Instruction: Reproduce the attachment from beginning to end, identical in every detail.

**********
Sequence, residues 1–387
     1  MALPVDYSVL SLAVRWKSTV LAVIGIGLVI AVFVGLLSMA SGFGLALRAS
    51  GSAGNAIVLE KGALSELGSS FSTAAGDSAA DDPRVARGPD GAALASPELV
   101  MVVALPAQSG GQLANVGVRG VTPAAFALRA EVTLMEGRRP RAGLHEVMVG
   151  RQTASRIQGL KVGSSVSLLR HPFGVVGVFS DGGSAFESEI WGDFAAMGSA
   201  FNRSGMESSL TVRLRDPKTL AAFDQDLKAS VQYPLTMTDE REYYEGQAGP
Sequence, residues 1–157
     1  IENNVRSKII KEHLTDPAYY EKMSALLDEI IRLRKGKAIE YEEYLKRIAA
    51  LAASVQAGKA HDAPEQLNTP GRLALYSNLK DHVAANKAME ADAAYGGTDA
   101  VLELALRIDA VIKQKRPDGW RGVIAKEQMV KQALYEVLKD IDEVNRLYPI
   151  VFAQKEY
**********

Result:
Sequence, residues 1–387
     1  MALPVDYSVL SLAVRWKSTV LAVIGIGLVI AVFVGLLSMA SGFGLALRAS
    51  GSAGNAIVLE KGALSELGSS FSTAAGDSAA DDPRVARGPD GAALASPELV
   101  MVVALPAQSG GQLANVGVRG VTPAAFALRA EVTLMEGRRP RAGLHEVMVG
   151  RQTASRIQGL KVGSSVSLLR HPFGVVGVFS DGGSAFESEI WGDFAAMGSA
   201  FNRSGMESSL TVRLRDPKTL AAFDQDLKAS VQYPLTMTDE REYYEGQAGP
Sequence, residues 1–157
     1  IENNVRSKII KEHLTDPAYY EKMSALLDEI IRLRKGKAIE YEEYLKRIAA
    51  LAASVQAGKA HDAPEQLNTP GRLALYSNLK DHVAANKAME ADAAYGGTDA
   101  VLELALRIDA VIKQKRPDGW RGVIAKEQMV KQALYEVLKD IDEVNRLYPI
   151  VFAQKEY